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Magazine Issues » May 2022

ESG roundtable: The Deliveroo of ESG

Funds Europe – For the past two or three years, fund managers have been saying the ‘S’ in ESG will increase in significance and become more impactful. Do you think that the social aspect of ESG is increasing?

Powdrill – Within ESG, it is climate that is the biggest topic – the ‘E’ – followed by governance. The ‘S’ is still a long way behind, but it certainly received more prominence during Covid because of, for example, social distancing. Social distancing was an issue that could put people’s lives at risk if companies did not get it right.

The gig economy was another point that many investors have been interested in and the extent to which that kind of employment relationship is acceptable in its own right and any risks associated with it. You can see with Uber and Lyft that any change in public policy or law in relation to employment sends the share price up or down quite dramatically. Those kinds of topics have definitely become a much bigger deal. But I still feel it’s easier to get into an ESG portfolio if you’re weak on the ‘S’ than if you’re weak on the ‘E’.

Harper – It’s all about data and being able to track what actually takes place against various metrics. In the case of social metrics, these can include contrasting CEO pay with staff pay or looking at the diversity of boards and monitoring how this changes over time. Our job in the industry is to figure out a better, faster, more efficient way to get that information into the decision tree at asset managers and on the buy-side, so that people can balance their portfolio around the stakeholder capitalism element.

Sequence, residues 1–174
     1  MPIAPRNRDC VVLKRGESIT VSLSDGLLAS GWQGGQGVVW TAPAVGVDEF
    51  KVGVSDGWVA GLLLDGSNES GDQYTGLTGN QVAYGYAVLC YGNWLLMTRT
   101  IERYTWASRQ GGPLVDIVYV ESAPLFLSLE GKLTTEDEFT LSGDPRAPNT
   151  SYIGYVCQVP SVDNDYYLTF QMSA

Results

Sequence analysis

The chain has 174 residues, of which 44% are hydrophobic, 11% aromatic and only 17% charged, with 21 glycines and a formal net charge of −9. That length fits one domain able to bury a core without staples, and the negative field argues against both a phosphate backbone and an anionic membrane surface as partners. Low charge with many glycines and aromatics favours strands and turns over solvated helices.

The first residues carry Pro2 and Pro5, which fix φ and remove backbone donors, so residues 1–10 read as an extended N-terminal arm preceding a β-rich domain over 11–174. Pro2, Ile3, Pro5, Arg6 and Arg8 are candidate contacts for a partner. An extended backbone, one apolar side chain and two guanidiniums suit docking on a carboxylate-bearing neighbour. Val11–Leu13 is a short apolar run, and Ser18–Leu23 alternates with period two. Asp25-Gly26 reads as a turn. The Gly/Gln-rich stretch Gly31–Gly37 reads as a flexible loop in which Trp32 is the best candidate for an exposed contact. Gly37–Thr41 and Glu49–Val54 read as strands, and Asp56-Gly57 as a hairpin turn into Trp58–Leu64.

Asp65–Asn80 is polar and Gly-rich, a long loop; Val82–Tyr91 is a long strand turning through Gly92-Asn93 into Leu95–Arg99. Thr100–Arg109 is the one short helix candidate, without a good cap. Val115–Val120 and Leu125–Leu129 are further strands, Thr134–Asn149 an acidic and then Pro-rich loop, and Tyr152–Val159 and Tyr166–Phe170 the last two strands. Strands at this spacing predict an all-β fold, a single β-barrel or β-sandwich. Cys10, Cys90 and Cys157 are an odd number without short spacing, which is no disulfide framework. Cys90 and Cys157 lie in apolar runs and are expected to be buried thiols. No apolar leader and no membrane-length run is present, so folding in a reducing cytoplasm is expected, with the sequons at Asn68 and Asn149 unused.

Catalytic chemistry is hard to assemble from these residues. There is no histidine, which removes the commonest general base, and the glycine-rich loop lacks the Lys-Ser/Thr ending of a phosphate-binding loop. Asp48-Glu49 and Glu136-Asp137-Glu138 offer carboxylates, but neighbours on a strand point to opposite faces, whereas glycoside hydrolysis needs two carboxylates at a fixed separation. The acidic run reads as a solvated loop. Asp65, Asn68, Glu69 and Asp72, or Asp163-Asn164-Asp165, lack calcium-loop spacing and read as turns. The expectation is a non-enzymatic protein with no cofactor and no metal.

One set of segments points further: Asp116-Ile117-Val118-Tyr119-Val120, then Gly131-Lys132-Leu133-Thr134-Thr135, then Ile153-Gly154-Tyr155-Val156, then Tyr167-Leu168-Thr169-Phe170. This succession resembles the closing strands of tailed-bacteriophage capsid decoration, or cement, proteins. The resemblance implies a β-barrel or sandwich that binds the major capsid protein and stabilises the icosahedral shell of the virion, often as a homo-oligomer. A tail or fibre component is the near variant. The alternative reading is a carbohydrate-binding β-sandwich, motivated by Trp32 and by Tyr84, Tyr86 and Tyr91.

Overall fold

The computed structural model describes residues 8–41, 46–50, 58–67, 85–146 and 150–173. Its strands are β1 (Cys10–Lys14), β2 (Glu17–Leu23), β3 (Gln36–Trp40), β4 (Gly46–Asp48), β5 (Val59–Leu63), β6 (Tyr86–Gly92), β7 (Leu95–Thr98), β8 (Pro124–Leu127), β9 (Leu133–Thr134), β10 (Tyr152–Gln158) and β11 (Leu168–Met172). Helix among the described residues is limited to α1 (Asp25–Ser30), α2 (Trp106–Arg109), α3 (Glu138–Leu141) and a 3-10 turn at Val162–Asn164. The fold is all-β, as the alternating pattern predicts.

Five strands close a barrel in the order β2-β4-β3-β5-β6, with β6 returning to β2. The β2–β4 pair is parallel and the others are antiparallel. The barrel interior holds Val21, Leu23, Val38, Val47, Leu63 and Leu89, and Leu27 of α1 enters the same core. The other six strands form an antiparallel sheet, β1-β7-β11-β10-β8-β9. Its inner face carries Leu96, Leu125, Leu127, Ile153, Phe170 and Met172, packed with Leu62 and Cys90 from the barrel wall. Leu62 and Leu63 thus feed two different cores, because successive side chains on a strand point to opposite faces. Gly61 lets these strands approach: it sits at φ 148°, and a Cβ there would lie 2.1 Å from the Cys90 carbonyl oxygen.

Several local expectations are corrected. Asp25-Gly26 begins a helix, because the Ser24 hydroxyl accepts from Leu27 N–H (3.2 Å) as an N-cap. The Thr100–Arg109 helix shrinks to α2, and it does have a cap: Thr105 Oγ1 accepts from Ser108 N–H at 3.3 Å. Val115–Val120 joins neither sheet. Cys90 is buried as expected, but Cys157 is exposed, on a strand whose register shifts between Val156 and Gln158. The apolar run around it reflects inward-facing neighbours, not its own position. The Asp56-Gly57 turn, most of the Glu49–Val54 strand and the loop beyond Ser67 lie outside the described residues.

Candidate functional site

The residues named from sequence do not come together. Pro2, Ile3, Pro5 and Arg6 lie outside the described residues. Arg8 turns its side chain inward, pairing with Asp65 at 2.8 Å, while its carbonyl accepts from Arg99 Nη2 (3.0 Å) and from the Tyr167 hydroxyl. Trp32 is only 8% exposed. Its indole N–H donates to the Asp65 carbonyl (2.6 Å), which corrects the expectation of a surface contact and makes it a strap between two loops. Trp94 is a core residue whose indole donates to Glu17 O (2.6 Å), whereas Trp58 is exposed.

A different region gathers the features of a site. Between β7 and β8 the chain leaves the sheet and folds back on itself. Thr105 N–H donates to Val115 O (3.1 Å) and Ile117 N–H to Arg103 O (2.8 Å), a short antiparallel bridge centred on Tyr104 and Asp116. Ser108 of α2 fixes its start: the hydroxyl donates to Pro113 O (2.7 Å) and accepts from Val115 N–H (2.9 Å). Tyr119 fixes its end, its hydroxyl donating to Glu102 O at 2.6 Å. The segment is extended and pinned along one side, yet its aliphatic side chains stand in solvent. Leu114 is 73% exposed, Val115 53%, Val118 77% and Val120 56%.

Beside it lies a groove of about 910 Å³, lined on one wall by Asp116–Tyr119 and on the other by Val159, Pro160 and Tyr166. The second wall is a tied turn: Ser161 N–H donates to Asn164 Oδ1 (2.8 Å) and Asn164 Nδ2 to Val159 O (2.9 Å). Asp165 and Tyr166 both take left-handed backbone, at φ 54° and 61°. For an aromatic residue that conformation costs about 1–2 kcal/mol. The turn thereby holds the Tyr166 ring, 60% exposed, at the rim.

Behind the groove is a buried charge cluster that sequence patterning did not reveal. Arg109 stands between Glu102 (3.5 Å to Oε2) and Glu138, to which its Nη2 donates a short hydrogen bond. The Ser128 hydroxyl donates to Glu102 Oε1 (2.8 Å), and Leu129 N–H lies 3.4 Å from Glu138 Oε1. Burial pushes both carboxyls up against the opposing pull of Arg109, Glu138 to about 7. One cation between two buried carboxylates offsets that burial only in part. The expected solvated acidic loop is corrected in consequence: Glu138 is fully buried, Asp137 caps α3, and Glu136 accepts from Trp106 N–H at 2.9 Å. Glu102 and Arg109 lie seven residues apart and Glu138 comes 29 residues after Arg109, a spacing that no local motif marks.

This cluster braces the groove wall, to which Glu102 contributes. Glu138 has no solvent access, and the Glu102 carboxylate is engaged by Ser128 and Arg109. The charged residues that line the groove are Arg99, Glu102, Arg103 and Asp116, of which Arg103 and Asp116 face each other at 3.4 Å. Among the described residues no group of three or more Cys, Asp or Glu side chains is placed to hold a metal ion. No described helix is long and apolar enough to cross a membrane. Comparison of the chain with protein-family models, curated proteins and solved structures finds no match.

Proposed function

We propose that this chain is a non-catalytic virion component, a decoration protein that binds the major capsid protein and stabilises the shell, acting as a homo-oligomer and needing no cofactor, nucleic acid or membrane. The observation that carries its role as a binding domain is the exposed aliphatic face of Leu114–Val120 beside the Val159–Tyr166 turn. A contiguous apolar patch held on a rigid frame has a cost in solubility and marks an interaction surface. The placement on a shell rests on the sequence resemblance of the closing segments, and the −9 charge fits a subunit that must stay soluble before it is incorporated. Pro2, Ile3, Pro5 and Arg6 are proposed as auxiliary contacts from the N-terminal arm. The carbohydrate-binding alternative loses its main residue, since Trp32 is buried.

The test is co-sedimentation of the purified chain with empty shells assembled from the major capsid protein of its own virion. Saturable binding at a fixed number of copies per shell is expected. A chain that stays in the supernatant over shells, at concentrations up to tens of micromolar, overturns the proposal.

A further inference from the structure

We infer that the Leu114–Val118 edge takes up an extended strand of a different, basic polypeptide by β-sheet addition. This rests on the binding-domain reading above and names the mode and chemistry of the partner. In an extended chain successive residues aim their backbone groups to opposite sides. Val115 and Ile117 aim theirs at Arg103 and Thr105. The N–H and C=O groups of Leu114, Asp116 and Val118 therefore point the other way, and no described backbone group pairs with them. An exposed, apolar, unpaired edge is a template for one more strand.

Piffaut – It’s quite important to differentiate between business models and business practices. In ESG, the two get quite confused by those who do not understand the distinctions, and that’s part of the reason why tech ends up being in many ESG portfolios. This is a bit of a bugbear because the tech industry has a huge impact on society, yet it doesn’t manage its risks well.

If you take social media platforms, we all know there are big risks that exist within content management. Facebook’s number of users is beyond any country’s population size, so the company’s management and the board have more to do with more people’s lives than even a government; that gives you the scale of the impact on society. But it’s a lot easier for investors to engage with companies on environmental reasons because of how we’ve been able to quantify it within the scope of carbon emissions.